Now that we had a magic band name pairing, we could add the name to an image (not just on top of it) to produce a shareable image.

Just upload the image to Amazon S3, add the image URL to the open graph structure of the page, and Facebook will automatically pull the image when the URL is shared.

All In All

Over the 6 month period of building and launching the product, the platform added 35 different surveys, registered nearly 50,000 users, received 225,000 submitted surveys, and stored a total of 2.1 million individual answers in the database.

Now that’s big data.

Firefly Music Festival – Discover Artists

Year after year one of the big concerns the Firefly team sees mentioned by their audience is that they don’t recognize a lot of the smaller acts appearing at the festival.

It’s impossible to expect fans to know every artist, so I proposed a section of the site be created to showcase all the artists from the lineup.

A visitor would be able to easily click any artist name and a popup would show a YouTube clip of their biggest hit (or a SoundCloud playlist if available) and links to their social profiles.

At first, every popup would load content by default – after all, they had to retrieve each of these social links and embeds from their respective artist’s custom post. This, as you can imagine, caused significant and untenable load delays for the page.

So, using the WordPress API and AJAX, I crafted the artist popup to only request the artist data when a user had clicked on the artist name. This immediately resolved page load speed issues and the popup did not suffer for it.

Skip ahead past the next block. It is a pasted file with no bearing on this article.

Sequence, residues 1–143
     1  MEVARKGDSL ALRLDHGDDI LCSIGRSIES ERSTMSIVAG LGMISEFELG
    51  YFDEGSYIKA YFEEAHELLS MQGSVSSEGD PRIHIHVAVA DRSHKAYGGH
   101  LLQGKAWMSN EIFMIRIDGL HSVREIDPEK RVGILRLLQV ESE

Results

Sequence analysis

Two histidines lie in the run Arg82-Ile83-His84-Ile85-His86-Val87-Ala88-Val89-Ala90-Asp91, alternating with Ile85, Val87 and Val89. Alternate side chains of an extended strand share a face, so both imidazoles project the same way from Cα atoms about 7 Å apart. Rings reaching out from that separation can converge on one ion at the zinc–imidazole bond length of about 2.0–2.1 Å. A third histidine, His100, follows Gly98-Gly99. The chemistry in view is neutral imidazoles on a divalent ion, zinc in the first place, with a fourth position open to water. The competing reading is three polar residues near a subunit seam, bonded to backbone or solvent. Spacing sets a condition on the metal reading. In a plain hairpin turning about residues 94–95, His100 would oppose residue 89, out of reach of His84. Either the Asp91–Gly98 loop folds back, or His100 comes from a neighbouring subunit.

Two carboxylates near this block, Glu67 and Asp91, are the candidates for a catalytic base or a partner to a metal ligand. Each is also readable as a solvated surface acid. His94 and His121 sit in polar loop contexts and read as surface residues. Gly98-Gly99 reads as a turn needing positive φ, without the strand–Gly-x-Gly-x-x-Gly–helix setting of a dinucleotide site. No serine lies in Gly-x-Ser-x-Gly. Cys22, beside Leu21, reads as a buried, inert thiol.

Getting to know Firefly’s lineup got that much easier.

But then I took things one step further.

It’s tedious to click through over 100 bands to find ones you’d like.

What if you were able to select an existing band you loved on the lineup and related artists would be highlighted for you?

That way, you’d be able to listen to similar bands to the one you already liked – increasing your chance to enjoy new music at Firefly and the likelihood that you’d attend.

I pitched the talent team and built out Firefly’s Discover Artists page on the website. The Firefly team could easily select which artists were related to each other in the WP backend while visitors could view those similar artists as they were instantly highlighted on the lineup.

Coupled with the artist popup and a full page of curated playlists, exploring new music at Firefly is easier than ever.